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Weapons of Mass Destruction (WMD)

Air Force demilitarizes big backlog of nuclear weapons-related components

by John Cochran
377th Air Base Wing Public Affairs

10/1/2009 - KIRTLAND AIR FORCE BASE, N.M. (AFNS) -- Air Force officials here have undertaken a massive effort to demilitarize more than 100,000 nuclear weapons-related legacy assets from its intercontinental ballistic missile, aircraft and space test programs.

Under a $35 million, five-year plan funded by the Air Force chief of staff, Air Force Materiel Command organizations are placing excess assets from more than 6,000 distinct stock numbers on a "burn-down" plan to remove them from the active inventory.

As of July 31, officials have successfully disposed of 45,000 assets in 2009. Their goal is to eliminate the immense backlog by processing another 52,000 by Sept. 30, 2010. The initiative extends to identifying other excess assets in the nuclear enterprise that can also be disposed of under this program.

In addition to Headquarters AFMC at Wright-Patterson Air Force Base, Ohio, the Air Force Nuclear Weapons Center and the 708th Nuclear Systems Squadron at Kirtland AFB, and two other units are contributing focused expertise to the demilitarization mission: the 526th ICBM Systems Group at Hill AFB, Utah, and the Cryptologic Systems Group at Lackland AFB, Texas.

The "de-mil" effort is one of many actions the Air Force has undertaken in its quest to reinvigorate the nuclear enterprise, said Gen. Donald J. Hoffman, the AFMC commander.

"I am impressed, but not surprised, at what this extended team of experts has done. Impressed, because of the complexity of the task and the sheer number of pieces involved, but not surprised, because I know the caliber of professionals working in the nuclear arena. They will get the mission done, no matter what," he said.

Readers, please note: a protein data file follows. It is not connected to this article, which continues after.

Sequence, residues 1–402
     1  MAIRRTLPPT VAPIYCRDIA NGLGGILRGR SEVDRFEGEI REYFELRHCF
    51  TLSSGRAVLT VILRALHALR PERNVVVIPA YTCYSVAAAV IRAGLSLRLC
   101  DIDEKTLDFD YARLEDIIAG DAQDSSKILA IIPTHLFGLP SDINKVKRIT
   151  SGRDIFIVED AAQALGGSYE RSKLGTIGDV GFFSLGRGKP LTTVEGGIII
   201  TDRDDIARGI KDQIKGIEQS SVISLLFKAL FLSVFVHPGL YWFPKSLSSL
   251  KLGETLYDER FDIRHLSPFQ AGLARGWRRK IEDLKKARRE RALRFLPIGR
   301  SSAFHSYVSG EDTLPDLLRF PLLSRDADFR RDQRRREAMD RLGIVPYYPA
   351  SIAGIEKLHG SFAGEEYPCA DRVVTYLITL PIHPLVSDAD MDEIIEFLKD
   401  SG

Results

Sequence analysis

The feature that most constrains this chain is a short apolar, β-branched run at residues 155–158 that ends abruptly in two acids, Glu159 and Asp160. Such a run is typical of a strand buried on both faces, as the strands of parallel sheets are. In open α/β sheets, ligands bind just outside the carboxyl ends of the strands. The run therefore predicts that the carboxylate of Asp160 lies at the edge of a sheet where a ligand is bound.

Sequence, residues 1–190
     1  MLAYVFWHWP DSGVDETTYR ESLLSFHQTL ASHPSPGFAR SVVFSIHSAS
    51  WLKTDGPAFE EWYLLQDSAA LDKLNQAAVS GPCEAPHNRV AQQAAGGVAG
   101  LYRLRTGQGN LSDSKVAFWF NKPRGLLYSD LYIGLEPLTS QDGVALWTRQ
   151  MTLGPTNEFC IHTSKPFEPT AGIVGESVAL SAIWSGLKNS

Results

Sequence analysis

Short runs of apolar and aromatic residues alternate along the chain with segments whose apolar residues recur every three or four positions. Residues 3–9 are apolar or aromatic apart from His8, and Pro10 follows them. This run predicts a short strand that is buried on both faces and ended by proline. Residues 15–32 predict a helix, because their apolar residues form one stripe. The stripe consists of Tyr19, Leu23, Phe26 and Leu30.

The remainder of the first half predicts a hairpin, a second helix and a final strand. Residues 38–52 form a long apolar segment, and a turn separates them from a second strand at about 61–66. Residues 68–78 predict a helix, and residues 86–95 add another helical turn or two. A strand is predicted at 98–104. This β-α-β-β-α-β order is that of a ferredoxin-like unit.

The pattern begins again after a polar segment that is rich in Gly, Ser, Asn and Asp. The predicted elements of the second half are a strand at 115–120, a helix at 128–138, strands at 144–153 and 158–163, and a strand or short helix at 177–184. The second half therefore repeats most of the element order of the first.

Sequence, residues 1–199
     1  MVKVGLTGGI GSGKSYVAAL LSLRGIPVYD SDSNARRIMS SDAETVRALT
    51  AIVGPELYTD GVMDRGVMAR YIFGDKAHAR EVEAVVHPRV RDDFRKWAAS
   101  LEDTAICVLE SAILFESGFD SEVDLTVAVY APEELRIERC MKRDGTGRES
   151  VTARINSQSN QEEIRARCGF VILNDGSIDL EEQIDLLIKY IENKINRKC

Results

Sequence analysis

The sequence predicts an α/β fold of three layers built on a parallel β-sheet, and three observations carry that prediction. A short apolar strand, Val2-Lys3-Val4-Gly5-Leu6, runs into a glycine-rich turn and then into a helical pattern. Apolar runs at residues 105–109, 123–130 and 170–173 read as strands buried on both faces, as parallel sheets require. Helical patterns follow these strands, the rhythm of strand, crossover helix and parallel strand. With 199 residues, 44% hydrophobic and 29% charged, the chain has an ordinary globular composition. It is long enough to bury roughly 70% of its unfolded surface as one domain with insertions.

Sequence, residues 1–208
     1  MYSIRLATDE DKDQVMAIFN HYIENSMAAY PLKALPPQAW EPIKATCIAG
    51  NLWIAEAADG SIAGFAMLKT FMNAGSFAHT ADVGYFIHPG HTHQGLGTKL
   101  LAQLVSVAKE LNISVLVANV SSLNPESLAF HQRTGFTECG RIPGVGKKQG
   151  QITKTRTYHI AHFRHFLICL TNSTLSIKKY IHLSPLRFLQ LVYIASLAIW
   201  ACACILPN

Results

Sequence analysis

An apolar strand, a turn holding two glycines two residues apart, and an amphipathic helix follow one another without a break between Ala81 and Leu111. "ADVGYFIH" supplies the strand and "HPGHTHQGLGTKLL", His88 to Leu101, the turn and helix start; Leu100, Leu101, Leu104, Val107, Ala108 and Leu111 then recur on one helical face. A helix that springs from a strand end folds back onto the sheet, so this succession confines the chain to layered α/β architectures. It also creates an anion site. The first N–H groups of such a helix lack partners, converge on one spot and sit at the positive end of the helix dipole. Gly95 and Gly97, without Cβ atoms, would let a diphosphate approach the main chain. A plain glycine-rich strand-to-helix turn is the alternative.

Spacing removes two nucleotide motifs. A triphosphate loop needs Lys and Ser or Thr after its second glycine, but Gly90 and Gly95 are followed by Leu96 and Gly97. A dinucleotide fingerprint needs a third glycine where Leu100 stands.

Maj. Gen. Kathleen D. Close, the AFMC director of logistics and sustainment, explained the Air Force's reasons for conducting the de-mil program.

"Force structure changes, including the stand-down of the Titan and Peacekeeper ICBM fleets, and the downsizing of the Minuteman fleet, have created a significant backlog of excess assets that must be properly disposed. Additionally, we also have a small number of assets each year that reach the end of their useful lives and must be decommissioned and disposed of," she said.

She highlighted the significant gains the Air Force realizes by demilitarizing excess assets. "The de-mil program saves money we would otherwise spend to store, secure, inventory and maintain assets intact, and allows the Air Force to manage remaining nuclear weapons-related materiel with greater precision, reliability and security."

Brig. Gen. Everett H. Thomas, the commander of the Air Force Nuclear Weapons Center, described the exhaustive planning and review conducted at the outset of the task.

"We looked at everything from our policies to our programs, examining in detail where we could innovate and improve outcomes, while maintaining surety, accountability and control of the assets we identified as excess to mission requirements," General Thomas said.

He praised the hard work of the many people and organizations contributing to the de-mil program.

"This has been a highly exacting process carried out on a gigantic scale. Its great success is a testament to the quality of people working in the nuclear enterprise," the general said. "That they could reach goals of such magnitude on a demanding schedule is remarkable. Many people have made this possible, and each one is a great American in my book. Special recognition goes to Rick Dempsey and his team at the 526th ICBMSG at Hill, who took on the responsibility for executing the ambitious plan we set up. He and his folks have done a terrific job, overcoming real hurdles to get this tremendous project done right."

General Thomas then summed up the constructive outcomes of the de-mil initiative.

"Working together, we've brought these excess assets more fully under control, reduced the overall level of risk, lowered costs and mitigated potential hazards," he said. "I've been in this business a long time, and I can tell you it doesn't get any better than that."

Richard Honneywell, director of AFMC's Nuclear Logistics Surety activities, spoke of the precautions in place to ensure all the procedural steps are accomplished properly.

"The Air Force is required to demilitarize classified assets and eliminate potential hazards before disposal," he said. "We carefully follow a set of prescribed technical procedures to mitigate hazards and prepare the assets for disposal. In the case of classified assets, we perform the actions required to prevent reverse-engineering of the designs by anyone not authorized access to those systems and components. All nuclear weapons-related materiel is tightly controlled throughout the demilitarization process to the point that Defense Logistics Agency receives scrap for final disposal."



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